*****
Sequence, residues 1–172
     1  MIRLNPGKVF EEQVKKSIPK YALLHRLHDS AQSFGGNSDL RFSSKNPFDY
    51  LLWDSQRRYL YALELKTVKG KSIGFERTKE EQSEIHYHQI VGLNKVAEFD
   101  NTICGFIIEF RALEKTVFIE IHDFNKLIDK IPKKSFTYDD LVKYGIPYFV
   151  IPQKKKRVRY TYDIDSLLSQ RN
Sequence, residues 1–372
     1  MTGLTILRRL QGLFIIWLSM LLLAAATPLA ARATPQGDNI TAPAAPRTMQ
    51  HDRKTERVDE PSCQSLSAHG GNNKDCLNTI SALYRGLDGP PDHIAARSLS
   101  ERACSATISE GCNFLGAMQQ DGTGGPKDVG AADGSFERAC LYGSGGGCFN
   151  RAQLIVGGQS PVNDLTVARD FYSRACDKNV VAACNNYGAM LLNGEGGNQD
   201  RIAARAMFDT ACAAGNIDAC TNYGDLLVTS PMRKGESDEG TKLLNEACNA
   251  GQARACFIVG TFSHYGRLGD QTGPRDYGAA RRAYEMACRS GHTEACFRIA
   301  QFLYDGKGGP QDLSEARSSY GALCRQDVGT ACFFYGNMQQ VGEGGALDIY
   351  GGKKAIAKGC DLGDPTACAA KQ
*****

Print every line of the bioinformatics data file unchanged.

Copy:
Sequence, residues 1–172
     1  MIRLNPGKVF EEQVKKSIPK YALLHRLHDS AQSFGGNSDL RFSSKNPFDY
    51  LLWDSQRRYL YALELKTVKG KSIGFERTKE EQSEIHYHQI VGLNKVAEFD
   101  NTICGFIIEF RALEKTVFIE IHDFNKLIDK IPKKSFTYDD LVKYGIPYFV
   151  IPQKKKRVRY TYDIDSLLSQ RN
Sequence, residues 1–372
     1  MTGLTILRRL QGLFIIWLSM LLLAAATPLA ARATPQGDNI TAPAAPRTMQ
    51  HDRKTERVDE PSCQSLSAHG GNNKDCLNTI SALYRGLDGP PDHIAARSLS
   101  ERACSATISE GCNFLGAMQQ DGTGGPKDVG AADGSFERAC LYGSGGGCFN
   151  RAQLIVGGQS PVNDLTVARD FYSRACDKNV VAACNNYGAM LLNGEGGNQD
   201  RIAARAMFDT ACAAGNIDAC TNYGDLLVTS PMRKGESDEG TKLLNEACNA
   251  GQARACFIVG TFSHYGRLGD QTGPRDYGAA RRAYEMACRS GHTEACFRIA
   301  QFLYDGKGGP QDLSEARSSY GALCRQDVGT ACFFYGNMQQ VGEGGALDIY
   351  GGKKAIAKGC DLGDPTACAA KQ